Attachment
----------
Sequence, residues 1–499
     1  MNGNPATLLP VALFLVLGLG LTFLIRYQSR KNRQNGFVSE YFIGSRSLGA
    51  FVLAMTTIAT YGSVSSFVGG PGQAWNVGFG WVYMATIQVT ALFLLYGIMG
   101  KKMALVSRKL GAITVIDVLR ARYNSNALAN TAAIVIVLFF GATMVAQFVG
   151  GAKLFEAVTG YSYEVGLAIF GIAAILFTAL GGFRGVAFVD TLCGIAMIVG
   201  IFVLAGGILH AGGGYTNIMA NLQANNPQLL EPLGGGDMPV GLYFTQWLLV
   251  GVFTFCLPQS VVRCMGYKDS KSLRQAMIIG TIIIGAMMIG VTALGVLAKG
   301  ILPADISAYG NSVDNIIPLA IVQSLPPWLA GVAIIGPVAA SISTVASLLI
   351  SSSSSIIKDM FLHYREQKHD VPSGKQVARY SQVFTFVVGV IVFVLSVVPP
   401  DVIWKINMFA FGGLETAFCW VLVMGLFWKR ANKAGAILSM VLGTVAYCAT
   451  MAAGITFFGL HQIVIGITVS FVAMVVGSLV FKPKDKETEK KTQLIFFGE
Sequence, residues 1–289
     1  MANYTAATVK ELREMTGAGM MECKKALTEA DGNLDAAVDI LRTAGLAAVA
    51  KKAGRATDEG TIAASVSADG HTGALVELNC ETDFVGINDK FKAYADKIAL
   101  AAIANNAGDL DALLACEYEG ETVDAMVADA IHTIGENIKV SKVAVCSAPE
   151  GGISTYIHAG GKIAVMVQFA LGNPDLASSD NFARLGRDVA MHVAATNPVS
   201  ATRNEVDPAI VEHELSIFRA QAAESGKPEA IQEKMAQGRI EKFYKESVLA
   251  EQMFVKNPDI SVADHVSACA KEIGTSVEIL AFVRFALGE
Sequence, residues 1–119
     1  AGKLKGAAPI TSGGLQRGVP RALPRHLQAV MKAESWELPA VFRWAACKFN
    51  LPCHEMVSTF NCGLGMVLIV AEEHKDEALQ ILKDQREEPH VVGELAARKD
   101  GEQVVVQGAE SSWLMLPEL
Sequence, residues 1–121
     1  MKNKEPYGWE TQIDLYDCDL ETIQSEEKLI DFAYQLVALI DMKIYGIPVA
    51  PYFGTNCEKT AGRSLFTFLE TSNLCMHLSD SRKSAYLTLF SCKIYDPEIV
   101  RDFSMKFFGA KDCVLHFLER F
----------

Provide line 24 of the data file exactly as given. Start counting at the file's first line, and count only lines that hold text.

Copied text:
     1  MKNKEPYGWE TQIDLYDCDL ETIQSEEKLI DFAYQLVALI DMKIYGIPVA